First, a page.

ORIENTED APATITE TYPE OXIDE ION CONDUCTOR AND METHOD FOR PRODUCING SAME

An oriented apatite-type oxide ion conductor includes a composite oxide expressed as A9.33+x[T6.00−yMy]O26.0+z, where A represents one or two or more elements selected from the group consisting of La, Ce, Pr, Nd, Sm, Eu, Gd, Tb, Dy, Be, Mg, Ca, Sr, and Ba, T represents an element including Si or Ge or both, and M represents one or two or more elements selected from the group consisting of B, Ge, Zn, Sn, W, and Mo, and where x is from −1.00 to 1.00, y is from 0.40 to less than 1.00, and z is from −3.00 to 2.00.

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Description
TECHNICAL FIELD

The present invention relates to an oriented apatite-type oxide ion conductor that can be used as a solid electrolyte for various batteries such as a solid electrolyte fuel cell (SOFC), an ion battery, and an air cell, as well as in a sensor, a catalyst, a separation membrane, and the like, and a method for producing the oriented apatite-type oxide ion conductor.

BACKGROUND ART

The applicant of the present invention has previously proposed an oriented apatite-type oxide ion conductor expressed as A9.33+x[T6−yMy]O26.00+z (see Patent Literature 1). In the formula, A represents an element such as La. T represents an element such as Si. M represents an element such as B. This oxide ion conductor can be obtained by heating a precursor expressed as A2+xTO5+z in a gas phase containing an element M for a reaction of the precursor with the element M. The amount of an element M that is needed in order to obtain the above-described oxide ion conductor having an apatite-type crystal structure with use of this method depends on the composition of the above-described precursor, and it is necessary that y is 1.00 or greater.

CITATION LIST Patent Literature

Patent Literature 1: U.S. Patent Application Publication No. 2018/0183068

SUMMARY OF INVENTION

The oxide ion conductor expressed as the formula above has excellent oxide ion conductivity. Oxide ion conductors are widely used in solid electrolytes of various batteries such as solid electrolyte fuel cells, ion batteries, and air cells, as well as oxygen sensors, catalysts, separation membranes, and the like, and there is demand for further improvement in oxide ion conductivity. Therefore, an object of the present invention is to achieve a further improvement in the conductivity of a conventionally known oriented apatite-type oxide ion conductor.

To address the above-described object, the inventors of the present invention conducted in-depth research, and found that oxide ion conductivity can be improved further by controlling the composition of elements constituting an oriented apatite-type oxide ion conductor.

The present invention was made based on the above-described findings, and addresses the above-described object by providing an oriented apatite-type oxide ion conductor including a composite oxide expressed as A9.33+x[T6.00−yMy]O26.0+z, where A represents one or two or more elements selected from the group consisting of La, Ce, Pr, Nd, Sm, Eu, Gd, Tb, Dy, Be, Mg, Ca, Sr, and Ba, T represents an element including Si or Ge or both, and M represents one or two or more elements selected from the group consisting of B, Ge, Zn, Sn, W, and Mo, and where x is from −1.00 to 1.00, y is from 0.40 to less than 1.00, and z is from −3.00 to 2.00.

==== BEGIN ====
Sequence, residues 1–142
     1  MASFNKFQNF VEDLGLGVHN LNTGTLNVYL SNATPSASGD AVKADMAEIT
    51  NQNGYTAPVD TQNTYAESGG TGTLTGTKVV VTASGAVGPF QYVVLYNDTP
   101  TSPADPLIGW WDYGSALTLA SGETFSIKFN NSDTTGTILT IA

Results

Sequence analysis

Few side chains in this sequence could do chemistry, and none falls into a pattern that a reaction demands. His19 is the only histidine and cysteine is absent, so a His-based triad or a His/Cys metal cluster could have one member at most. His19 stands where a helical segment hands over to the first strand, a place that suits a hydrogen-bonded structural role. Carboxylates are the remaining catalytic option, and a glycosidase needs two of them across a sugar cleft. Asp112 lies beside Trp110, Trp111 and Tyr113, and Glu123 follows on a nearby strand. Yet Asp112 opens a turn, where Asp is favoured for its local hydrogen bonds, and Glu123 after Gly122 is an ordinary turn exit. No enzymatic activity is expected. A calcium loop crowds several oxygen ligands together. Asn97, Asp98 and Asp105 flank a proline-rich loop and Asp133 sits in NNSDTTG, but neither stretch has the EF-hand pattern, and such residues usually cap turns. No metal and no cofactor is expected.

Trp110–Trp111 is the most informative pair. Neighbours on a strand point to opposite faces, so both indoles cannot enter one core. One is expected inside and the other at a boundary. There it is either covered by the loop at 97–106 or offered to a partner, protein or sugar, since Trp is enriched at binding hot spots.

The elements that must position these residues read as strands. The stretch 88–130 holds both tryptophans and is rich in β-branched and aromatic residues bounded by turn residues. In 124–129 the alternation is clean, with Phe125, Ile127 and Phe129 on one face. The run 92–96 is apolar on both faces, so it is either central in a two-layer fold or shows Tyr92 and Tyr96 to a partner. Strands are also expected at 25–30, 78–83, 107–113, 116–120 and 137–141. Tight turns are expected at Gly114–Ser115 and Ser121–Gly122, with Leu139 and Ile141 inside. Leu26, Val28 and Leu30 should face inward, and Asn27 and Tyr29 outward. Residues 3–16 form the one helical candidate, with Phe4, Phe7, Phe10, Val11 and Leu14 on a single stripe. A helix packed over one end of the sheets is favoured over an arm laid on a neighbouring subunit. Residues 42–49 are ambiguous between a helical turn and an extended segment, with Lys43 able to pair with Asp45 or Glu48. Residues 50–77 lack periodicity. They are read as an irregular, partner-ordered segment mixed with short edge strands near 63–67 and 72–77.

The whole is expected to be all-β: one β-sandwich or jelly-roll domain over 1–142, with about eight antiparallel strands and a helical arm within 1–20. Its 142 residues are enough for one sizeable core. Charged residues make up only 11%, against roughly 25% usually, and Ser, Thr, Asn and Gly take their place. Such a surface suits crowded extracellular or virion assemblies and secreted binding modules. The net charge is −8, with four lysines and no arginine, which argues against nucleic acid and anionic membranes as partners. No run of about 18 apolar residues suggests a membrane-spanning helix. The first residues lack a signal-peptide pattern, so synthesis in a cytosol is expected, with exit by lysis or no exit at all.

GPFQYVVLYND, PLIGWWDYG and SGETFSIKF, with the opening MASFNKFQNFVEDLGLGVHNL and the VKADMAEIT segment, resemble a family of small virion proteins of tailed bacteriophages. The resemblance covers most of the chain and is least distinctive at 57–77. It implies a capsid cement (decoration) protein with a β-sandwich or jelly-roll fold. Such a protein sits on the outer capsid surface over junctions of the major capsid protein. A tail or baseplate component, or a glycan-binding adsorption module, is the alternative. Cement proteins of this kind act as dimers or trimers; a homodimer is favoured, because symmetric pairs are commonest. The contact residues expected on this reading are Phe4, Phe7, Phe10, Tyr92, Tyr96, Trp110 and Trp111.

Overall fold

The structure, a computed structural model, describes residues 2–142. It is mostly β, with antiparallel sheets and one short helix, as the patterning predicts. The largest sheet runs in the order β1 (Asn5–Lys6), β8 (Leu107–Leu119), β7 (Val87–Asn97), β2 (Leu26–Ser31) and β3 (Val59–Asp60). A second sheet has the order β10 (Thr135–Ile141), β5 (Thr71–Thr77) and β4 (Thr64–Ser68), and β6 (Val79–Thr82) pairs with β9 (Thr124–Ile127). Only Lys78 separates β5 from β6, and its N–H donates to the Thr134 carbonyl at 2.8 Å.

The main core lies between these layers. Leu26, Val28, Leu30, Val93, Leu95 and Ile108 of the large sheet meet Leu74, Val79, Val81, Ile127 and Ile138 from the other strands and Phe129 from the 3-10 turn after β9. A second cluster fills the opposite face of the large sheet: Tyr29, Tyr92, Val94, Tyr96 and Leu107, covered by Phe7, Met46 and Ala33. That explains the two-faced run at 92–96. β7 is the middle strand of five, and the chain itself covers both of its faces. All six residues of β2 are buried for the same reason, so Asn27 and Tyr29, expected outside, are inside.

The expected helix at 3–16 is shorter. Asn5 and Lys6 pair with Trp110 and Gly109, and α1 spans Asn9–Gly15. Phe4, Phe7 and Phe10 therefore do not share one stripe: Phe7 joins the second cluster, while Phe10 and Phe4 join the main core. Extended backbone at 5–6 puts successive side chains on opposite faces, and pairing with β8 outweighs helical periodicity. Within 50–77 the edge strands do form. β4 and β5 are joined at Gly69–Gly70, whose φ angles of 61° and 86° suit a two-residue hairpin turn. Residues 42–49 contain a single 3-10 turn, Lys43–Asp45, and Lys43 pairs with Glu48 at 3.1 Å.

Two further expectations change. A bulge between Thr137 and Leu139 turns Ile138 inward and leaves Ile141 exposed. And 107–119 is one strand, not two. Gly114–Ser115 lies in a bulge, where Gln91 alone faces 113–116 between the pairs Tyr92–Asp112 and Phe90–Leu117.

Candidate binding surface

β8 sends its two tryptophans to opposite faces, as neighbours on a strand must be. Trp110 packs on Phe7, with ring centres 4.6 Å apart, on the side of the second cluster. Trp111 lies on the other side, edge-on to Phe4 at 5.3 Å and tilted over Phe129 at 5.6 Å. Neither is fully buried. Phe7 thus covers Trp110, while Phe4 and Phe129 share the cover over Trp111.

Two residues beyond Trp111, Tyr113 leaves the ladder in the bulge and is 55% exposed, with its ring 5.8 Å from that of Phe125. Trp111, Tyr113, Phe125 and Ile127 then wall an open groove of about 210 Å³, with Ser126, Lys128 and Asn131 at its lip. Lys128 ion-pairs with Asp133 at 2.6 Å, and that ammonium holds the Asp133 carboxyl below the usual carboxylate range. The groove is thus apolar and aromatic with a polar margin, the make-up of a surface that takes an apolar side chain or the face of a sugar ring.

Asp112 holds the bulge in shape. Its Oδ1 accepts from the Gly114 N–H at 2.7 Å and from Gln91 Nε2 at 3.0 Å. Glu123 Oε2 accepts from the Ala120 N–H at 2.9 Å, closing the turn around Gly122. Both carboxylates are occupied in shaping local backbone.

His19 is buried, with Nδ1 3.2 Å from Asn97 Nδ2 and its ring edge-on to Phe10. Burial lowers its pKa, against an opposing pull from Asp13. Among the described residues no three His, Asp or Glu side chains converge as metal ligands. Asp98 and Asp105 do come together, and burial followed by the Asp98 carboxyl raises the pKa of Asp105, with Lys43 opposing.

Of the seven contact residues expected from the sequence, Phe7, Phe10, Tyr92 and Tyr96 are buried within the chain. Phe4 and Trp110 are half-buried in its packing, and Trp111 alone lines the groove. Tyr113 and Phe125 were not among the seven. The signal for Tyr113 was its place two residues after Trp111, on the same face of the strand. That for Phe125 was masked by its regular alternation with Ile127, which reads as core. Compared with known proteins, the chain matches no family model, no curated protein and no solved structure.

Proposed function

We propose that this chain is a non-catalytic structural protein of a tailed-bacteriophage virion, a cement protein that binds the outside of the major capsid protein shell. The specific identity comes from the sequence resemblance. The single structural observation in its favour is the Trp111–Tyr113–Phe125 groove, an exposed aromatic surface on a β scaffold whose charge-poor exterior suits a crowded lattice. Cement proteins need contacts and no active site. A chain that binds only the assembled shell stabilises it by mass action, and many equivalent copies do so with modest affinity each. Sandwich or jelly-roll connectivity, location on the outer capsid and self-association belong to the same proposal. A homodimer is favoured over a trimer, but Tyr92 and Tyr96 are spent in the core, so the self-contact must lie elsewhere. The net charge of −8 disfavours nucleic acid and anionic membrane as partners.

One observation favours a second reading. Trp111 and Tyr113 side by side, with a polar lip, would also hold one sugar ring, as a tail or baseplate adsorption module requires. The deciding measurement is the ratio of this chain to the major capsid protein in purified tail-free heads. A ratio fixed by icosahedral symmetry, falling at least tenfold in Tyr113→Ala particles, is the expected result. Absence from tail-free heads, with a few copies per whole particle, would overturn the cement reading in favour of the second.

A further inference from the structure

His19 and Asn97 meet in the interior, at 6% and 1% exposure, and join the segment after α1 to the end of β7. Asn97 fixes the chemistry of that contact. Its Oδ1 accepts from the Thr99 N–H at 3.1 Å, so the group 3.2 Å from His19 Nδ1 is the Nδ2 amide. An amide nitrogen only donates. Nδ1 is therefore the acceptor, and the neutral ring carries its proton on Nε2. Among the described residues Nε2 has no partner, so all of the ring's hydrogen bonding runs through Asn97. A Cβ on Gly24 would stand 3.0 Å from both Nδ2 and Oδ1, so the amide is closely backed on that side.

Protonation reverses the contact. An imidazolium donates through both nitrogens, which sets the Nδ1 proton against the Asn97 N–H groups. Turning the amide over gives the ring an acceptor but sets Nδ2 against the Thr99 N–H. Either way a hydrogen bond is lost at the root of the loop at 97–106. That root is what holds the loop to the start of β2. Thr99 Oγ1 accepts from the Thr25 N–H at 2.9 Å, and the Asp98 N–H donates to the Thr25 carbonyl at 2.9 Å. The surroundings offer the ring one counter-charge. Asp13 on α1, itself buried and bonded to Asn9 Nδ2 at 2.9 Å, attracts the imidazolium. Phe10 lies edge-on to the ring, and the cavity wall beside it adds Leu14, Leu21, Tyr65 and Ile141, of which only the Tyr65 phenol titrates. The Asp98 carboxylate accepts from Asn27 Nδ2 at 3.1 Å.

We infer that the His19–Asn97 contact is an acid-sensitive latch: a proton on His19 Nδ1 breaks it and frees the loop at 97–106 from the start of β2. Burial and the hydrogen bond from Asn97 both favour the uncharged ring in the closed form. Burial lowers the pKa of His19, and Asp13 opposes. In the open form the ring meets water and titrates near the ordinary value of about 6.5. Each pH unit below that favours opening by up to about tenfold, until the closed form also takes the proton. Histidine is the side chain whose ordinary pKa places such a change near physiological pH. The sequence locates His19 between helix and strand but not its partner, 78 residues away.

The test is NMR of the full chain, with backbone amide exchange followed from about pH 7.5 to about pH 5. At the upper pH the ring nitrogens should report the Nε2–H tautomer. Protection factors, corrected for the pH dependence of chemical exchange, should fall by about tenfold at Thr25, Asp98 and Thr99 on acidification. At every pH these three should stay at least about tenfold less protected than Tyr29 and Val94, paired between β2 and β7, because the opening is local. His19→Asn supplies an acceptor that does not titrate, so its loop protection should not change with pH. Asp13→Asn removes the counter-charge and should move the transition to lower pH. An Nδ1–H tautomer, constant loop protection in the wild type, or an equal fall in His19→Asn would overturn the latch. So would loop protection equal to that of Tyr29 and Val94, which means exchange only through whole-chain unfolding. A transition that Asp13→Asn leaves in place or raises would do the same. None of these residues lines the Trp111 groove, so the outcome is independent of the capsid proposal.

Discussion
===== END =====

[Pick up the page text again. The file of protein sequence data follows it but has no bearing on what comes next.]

Also, the present invention provides a method for producing an oriented apatite-type oxide ion conductor, the method including a step of converting a precursor expressed as A2.00+xTO5.00+z, where A represents one or two or more elements selected from the group consisting of La, Ce, Pr, Nd, Sm, Eu, Gd, Tb, Dy, Be, Mg, Ca, Sr, and Ba, T represents an element including Si or Ge or both, x is from −1.00 to 1.00, and z is from −2.00 to 2.00, into an oriented apatite-type crystal structure by heating the precursor in a gas phase containing an element M, where M represents one or two or more elements selected from the group consisting of B, Ge, Zn, Sn, W, and Mo, and thereby reacting the element M with the precursor; and an annealing step.

DESCRIPTION OF EMBODIMENTS

Hereinafter, the present invention will be described based on preferred embodiments thereof. The inventors of the present invention conducted further research on the oxide ion conductor disclosed in Patent Literature 1 above, and found that a decrease in conductivity was observed when an excessive amount of an element M was introduced into the oxide ion conductor. Accordingly, from the viewpoint of suppressing a decrease in conductivity, it is advantageous to prevent the introduction of an excessive amount of an element M. Control of the composition of the oxide ion conductor has not been easy so far, but as a result of in-depth research, the inventors of the present invention found a method with which an oriented apatite-type oxide ion conductor in which the amount of an element M introduced is small can be produced. This oxide ion conductor will be described in detail below.